The last visit to Japan brought lots of new and exciting experiences that I’ll write up over the coming weeks – including baseball and a stay at a traditional bed and breakfast – but whilst I continue to recover from jet-lag I’d like to post some assorted photos I took on my travels. It should come as little surprise to find out that these are images of various kinds of vehicles. There’s not much I can say about each of them beyond the few sentences that accompany each, but I felt like sharing them in any case.
This fake Ford Anglia is called the Toyota Origin. It was conceived as a tribute to the original Toyota Crown series from the 1960s, featuring period ‘suicide’ (i.e. wrong-way round) rear doors. Produced in limited numbers about ten years ago, you will probably not be shocked to hear that this never made it out of Japan.
This too is a car one is unlikely to see on British shores. The Daihatsu Midget. A narrow forward cabin has room for just one passenger – or two very thin ones – with the wider area at the rear carrying various bits of cargo. To my shame, I recognised this right away from its appearance in Gran Turismo 2, where they even had a cup for Midgets. In real life, though, they are intended solely as delivery trucks for small businesses – this one seems to be seeing service with a subsidiary of electronics giant Hitachi.
This bad boy carried my family and I round the island of Kyushu for two days. It’s a people carrier version of the Toyota Hiace workhorse van, fitted out with carpeted interior and ten super-comfortable passenger seats. Our version came with fetching white lace curtains and matching seat covers – which I later found out are called antimacassars. Despite the seventies-tastic interior, under the bonnet was a none-too-shabby 3.0-litre turbocharged diesel engine, which made light work of Kyushu’s hills and hairpins even in spite of the presence of five weighty Brits in the cabin.
Owing to high import taxes, foreign cars are a real delicacy in Japan. Left hand drive cars in particular are sought after by automobile aficionados for their exotic characteristics. Even within Europe, the Lancia Delta HF Integrale ticks all the right boxes for car buffs – so it’s easy to imagine how sought-after something like this would be in a car enthusiast-rich country like Japan. This Rosso Corsa example was making its way through the blingin’ Omote-sando district at speed.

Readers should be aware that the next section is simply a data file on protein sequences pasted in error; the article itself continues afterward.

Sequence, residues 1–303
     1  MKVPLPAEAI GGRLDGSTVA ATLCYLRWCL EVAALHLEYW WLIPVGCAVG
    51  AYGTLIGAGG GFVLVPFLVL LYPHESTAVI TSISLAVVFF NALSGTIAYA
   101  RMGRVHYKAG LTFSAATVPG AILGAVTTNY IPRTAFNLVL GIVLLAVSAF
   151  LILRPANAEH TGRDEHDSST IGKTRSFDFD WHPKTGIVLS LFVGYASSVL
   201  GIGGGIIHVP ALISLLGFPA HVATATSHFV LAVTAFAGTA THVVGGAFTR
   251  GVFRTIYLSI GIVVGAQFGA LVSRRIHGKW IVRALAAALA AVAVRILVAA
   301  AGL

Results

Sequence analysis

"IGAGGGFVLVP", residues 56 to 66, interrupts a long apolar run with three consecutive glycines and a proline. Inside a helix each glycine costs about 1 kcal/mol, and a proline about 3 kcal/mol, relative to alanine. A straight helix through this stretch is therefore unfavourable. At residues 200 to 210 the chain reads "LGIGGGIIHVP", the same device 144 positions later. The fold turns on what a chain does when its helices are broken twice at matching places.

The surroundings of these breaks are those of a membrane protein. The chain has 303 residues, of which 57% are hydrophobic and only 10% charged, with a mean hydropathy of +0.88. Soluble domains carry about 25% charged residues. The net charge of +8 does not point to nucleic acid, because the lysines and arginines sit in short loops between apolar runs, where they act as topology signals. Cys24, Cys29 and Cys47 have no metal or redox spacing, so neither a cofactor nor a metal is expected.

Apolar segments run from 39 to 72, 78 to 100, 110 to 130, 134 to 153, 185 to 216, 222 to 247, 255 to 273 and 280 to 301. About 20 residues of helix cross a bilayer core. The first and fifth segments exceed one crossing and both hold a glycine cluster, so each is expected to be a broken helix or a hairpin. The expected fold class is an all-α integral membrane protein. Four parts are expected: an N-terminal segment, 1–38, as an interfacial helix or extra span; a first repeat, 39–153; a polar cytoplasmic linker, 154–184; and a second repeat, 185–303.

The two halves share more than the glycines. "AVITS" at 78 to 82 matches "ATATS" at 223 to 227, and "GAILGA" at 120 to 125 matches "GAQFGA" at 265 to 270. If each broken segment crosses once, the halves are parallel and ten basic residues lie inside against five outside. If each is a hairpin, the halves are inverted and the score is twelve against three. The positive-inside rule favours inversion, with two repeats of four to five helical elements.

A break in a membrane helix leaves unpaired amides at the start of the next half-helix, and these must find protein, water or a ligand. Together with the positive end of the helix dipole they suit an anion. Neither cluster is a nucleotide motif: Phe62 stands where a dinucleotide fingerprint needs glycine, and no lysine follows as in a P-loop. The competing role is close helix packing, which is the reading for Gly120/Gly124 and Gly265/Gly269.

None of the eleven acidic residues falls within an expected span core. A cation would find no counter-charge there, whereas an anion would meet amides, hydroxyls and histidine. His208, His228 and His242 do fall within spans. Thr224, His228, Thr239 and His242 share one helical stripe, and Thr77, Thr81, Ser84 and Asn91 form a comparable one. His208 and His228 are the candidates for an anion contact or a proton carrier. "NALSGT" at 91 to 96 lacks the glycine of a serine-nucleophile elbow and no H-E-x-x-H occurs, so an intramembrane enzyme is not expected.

When I was in primary school, I used up all of our class’s light blue crayons doing an A3 drawing of a KLM Boeing 747. Granted, we were a poor little rural school with limited resources, but you get my point. I liked these planes. And fifteen years later I found myself finally traveling on one.
Regardless of how much, or how little, one knows about aircraft, the different liveries on offer around an airport surely won’t escape your attention. The KLM livery has been one of my favourites for as long as I can remember, the bright blue paint making their jets stand out without being too cluttered or obscuring the lines of the aircraft. The 747 may be a forty year-old design, but they don’t call it the Queen of the Skies for nothing.
The routing from Scotland to Japan took us through Seoul and onto an aircraft of Korean Air – a new airport and a new airline for me. Although we didn’t fly on one of Korean’s brand spanking new Airbus A380s, they were conspicuous in their presence around Incheon International. This one was being loaded ahead of a long trip to Frankfurt.
The super high-speed shinkansen network that links Japan’s cities together has recently been extended further south. It now pushes on past Hakata station in Fukuoka to reach Kagoshima down on the southern tip of Kyushu island. This bullet train runs from Osaka all the way to Kagoshima, and the introduction of a high-speed line slashes journey times between Fukuoka and Kagoshima from four hours to just two. Inside, it is plusher than business class of a long-haul jet – not that I would know what that looks like.
I know nothing about ships, but all of these were floating around when we took a teatime cruise round Yokohama and Tokyo Bay. Yokohama is one of the biggest ports in Japan if not Asia, so there were some big brutes out in the water.